By Richard Verrier
Los Angeles Times Staff Writer
November 14, 2007
Hollywood's striking film and TV writers appear to have won the first round in the battle for public opinion.
Almost 2 out of 3 Americans, or 63%, said they were more inclined to side with writers in their dispute with major studios, according to a survey by Pepperdine University's Graziadio School of Business Management that is scheduled to be released today.
Writers went on strike last week amid disputes over pay when their work is distributed on the Internet and via cellphones and other new-media devices.
Only 4% of 1,000 American adults polled favored studios in the dispute, and 33% were unsure, according to the online survey. And 47% thought writers deserved the largest share of residual payments, compared with 26% for actors, 25% for producers and 2% for directors, the study found.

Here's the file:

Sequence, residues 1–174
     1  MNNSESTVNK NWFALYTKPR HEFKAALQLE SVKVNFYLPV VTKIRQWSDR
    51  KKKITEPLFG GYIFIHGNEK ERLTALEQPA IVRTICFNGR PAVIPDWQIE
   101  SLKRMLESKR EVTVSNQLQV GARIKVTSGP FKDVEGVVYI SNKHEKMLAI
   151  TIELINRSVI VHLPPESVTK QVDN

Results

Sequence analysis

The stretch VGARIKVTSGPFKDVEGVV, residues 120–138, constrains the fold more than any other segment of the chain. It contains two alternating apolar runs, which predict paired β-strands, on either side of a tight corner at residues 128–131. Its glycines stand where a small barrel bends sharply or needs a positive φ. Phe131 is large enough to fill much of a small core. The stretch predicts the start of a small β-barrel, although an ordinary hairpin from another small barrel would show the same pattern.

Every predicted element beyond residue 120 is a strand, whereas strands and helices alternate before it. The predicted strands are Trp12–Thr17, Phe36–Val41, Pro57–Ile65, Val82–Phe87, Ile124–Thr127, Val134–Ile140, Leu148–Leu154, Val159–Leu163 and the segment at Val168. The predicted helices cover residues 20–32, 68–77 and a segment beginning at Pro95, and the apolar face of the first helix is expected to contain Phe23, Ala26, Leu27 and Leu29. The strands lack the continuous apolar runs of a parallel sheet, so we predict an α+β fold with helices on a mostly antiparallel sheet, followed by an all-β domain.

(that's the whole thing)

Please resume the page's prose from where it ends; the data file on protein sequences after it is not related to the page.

"It is not uncommon for the public to be sympathetic toward the side striking in a labor dispute," said David Smith, a labor economist at Pepperdine. "However, it is somewhat surprising to see overwhelming support from Americans for the creative side of the industry."
Smith said the public support could wane if the strike disrupted consumers' TV viewing habits. Though several shows have stopped shooting, viewers won't notice much change until early next year, when reruns, sports and reality shows replace scripted programs.
When asked about the prospect of reruns replacing new shows, 42% of the respondents said they would read more, and 35% said they would spend more time on the Internet.
Barbara Brogliatti, spokeswoman for the Alliance of Motion Picture and Television Producers, said the findings weren't surprising. "You'd expect nothing less when the only real information the public is getting is from sound bites and the issues are as complex as these," she said.
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